Those in our readership oriented towards the intersection of therapy and philosophy will be quite keen on the June 2016 issue of Philosophy, Psychiatry, & Psychology because of its theme, existential psychotherapy. The guest editor is Duff Waring. The format taken is featured articles, two commentaries per and then a response from the article authors:
The Lost Language of Being: Ontology’s Perilous Destiny in Existential Psychotherapy. By Erik Craig
Abstract: This article invites conversation regarding what is seen as a pivotal problem in existential psychotherapy today: the loss of its language of being, its foundational understanding of ontology, Being, and the human being, Dasein. The article begins by introducing the disciplinary challenges of being an existential psychotherapist. This is followed by a systematic, multiperspectival discussion of ontology and its language of being and the challenges an ‘ontological eye’ presents for the theory and practice of existential psychiatry, psychology, and psychotherapy. Historical and cultural factors contributing to America’s conceptual and clinical dispersity and disarray in existential thought and practice are summarized before presenting a brief overview of existential psychotherapy’s present standing, especially with respect to its prospects for developing a regional ontological understanding of the human as human and as a whole.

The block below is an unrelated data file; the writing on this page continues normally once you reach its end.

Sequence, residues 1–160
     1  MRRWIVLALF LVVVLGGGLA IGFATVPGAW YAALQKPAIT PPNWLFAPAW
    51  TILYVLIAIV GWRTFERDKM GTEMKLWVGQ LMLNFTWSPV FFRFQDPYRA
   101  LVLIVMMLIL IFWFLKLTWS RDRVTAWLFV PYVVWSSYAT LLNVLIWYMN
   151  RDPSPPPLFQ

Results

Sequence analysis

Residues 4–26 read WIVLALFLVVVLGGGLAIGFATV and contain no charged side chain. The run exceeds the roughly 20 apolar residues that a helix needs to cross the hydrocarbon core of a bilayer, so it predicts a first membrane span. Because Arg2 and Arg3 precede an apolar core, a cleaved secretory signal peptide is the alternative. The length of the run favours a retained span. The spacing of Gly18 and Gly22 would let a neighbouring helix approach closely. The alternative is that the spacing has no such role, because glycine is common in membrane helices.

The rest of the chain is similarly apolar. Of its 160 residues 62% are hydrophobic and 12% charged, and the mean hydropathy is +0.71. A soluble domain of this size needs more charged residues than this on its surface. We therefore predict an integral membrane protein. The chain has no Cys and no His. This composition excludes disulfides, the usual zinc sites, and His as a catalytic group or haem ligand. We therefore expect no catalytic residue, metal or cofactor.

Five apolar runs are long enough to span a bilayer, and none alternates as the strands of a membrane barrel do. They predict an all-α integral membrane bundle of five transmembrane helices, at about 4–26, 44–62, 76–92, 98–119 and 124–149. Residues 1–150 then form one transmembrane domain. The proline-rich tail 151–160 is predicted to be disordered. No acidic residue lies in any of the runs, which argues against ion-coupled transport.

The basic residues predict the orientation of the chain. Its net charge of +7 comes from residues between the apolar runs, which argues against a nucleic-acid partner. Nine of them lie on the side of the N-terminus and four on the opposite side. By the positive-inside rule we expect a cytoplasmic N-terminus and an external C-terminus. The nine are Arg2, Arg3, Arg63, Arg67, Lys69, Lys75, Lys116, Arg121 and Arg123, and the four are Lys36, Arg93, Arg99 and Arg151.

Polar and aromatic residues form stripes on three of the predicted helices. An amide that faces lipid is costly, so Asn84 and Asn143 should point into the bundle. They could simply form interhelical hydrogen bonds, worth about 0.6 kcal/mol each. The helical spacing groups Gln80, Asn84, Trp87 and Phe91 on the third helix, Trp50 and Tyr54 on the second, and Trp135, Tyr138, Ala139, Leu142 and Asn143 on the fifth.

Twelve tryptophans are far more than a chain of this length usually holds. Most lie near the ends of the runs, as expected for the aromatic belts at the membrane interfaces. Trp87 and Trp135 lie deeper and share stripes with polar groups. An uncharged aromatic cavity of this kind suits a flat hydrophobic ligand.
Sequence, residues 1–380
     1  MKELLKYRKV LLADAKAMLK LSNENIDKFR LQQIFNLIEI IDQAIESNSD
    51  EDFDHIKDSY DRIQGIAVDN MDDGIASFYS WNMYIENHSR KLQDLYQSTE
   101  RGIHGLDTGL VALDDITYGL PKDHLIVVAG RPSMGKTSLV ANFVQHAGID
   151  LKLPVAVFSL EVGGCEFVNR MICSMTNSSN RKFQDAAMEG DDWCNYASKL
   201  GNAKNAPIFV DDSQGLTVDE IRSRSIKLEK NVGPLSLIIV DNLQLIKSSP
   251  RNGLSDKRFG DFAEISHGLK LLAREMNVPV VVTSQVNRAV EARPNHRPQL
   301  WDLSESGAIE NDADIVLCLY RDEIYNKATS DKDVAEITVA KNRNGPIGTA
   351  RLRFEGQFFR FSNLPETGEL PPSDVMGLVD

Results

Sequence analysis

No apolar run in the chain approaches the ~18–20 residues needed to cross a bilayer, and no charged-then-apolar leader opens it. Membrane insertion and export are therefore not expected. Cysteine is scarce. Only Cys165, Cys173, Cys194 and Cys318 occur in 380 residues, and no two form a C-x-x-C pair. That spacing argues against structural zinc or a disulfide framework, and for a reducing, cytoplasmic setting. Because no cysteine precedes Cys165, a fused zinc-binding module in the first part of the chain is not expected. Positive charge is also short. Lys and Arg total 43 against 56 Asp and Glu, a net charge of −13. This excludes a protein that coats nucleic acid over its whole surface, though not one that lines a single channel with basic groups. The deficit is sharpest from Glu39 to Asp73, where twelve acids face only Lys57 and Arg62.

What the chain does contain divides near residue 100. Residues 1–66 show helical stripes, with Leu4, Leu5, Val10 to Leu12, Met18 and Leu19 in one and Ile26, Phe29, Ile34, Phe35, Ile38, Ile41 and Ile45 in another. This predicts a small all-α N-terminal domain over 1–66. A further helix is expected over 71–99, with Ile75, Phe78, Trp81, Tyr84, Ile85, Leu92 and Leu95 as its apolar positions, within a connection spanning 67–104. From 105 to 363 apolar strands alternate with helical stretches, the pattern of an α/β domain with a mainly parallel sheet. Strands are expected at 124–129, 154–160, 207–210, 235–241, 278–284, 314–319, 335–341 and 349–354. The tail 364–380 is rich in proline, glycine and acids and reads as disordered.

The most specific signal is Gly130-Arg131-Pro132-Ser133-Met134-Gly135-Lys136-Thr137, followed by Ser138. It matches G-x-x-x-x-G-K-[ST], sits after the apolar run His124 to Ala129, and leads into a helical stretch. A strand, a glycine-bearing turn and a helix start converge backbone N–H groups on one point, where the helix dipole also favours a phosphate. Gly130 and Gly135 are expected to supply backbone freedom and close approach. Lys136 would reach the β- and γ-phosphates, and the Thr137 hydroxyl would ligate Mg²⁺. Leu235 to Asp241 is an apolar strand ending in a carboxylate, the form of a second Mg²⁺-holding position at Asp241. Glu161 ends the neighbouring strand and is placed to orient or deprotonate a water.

Whither Existential Psychotherapy? By James Phillips
Psychotherapy’s Ontic–Ontological Divide: Going Beyond the Hyphen. By René J. Muller
Abstract: This article attempts to illustrate how an existential ontology has a great deal to offer to psychotherapists. Because this complex interaction may often be difficult to see, three ways in which such philosophical work has been applicable and enriching in the context of a particular psychotherapy practice are presented. These include a) the use of existential themes and concepts in psychotherapy, including the notions of existential guilt, existential anxiety, and bad faith, b) the argument that an existential ontology provides a more suitable philosophical grounding for psychotherapeutic theories and practices, one which better describes the life-world, experiential phenomena in question, and c) the idea that an existential version of the mental status examination, centered around six key dimensions of human experience (derived from an existential ontology) can provide us with a more in-depth understanding of, and better description of, an individual’s experiential world.